Attributed to J. Walker (British, active circa 1840-1851) A set of 15 Cape character studies each 24.2 x 17.2cm (9 1/2 x 6 3/4in). (15)
Lot 3
Attributed to J. Walker (British, active circa 1840-1851) A set of 15 Cape character studies each 24.2 x 17.2cm (9 1/2 x 6 3/4in). (15)
Sold for £6,600 (US$ 10,341) inc. premium

Lot Details
Attributed to J. Walker (British, active circa 1840-1851) A set of 15 Cape character studies Attributed to J. Walker (British, active circa 1840-1851) A set of 15 Cape character studies
Attributed to J. Walker (British, active circa 1840-1851)
A set of 15 Cape character studies
most signed with initials 'JW', inscribed with titles and numbered; one inscribed 'Hottentot - not a disciple of Father Walker',
pencil and watercolour
each 24.2 x 17.2cm (9 1/2 x 6 3/4in). (15)

Footnotes

  • These watercolours, or versions of them, were reproduced in Sketches of Some of the Various Classes and Tribes inhabiting the Colony of the Cape of Good Hope (London, 1851), and each is numbered with the corresponding plate number in the upper right corner. A large number of similar watercolours are in the collection of Museum Africa in Johannesburg, and the Mendelssohn Collection in the Library of Parliament.

    Often attributed to 'J. Walker', these watercolours are only signed with the initials 'J.W.', leading to some speculation as to whether his name is Walker at all (see 'The Mysterious "J.W."' in A. Gordon-Brown, Pictoral Art in South Africa, (London, 1952). The name came from the attribution to Mr G.J. Walker, given with the Mendelssohn Collection. The anonymous author of Sketches... only tells us:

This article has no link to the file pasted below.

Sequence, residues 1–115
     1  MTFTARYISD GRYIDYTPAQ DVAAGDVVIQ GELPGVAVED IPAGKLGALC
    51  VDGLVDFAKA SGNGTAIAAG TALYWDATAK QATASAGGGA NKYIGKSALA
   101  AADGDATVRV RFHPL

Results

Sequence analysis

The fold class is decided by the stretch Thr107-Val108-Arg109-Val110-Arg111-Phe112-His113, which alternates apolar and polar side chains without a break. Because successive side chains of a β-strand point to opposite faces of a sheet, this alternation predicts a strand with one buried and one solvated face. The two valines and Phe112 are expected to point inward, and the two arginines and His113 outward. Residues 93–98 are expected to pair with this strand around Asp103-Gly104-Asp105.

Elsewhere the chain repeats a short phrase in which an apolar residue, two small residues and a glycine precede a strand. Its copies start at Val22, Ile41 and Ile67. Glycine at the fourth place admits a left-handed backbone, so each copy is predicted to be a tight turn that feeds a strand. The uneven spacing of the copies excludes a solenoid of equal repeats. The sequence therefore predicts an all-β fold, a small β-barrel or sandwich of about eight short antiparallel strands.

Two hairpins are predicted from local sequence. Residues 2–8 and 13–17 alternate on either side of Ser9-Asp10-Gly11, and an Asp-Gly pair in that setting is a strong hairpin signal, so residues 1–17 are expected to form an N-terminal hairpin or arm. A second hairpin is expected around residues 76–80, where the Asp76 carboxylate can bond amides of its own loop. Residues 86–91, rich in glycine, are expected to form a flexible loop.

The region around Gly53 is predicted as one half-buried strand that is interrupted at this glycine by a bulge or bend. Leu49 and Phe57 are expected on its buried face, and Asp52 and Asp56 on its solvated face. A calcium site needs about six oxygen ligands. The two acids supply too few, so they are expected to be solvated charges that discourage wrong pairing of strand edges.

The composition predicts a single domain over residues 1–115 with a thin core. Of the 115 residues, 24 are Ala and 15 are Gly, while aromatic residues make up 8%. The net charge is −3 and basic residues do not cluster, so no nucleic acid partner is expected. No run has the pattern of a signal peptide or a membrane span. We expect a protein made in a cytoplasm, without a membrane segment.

"The originals of these Sketches are from the talented pencil of a gentleman many years resident at the Cape, and were taken by him from Nature during an Expedition into the Interior."

    Gordon-Brown speculates that J.W. could stand for the Rev. J.F. Weideman, who was appointed Chaplain at Robben Island in 1851, but dismisses this theory almost instantly when considering the best-selling picture of the drunk Hottentot woman dancing. The inscription on that work in the present lot, 'Hottentot - not a disciple of Father Walker', does indicate that the artist may well have been a member of the clergy, and was named Walker after all. One possible candidate is Joseph Walker, one of the 1820 settlers to Grahamstown, referred to as the Rev. Father Walker in W. Taylor, Christian Adventures in South Africa (1967).
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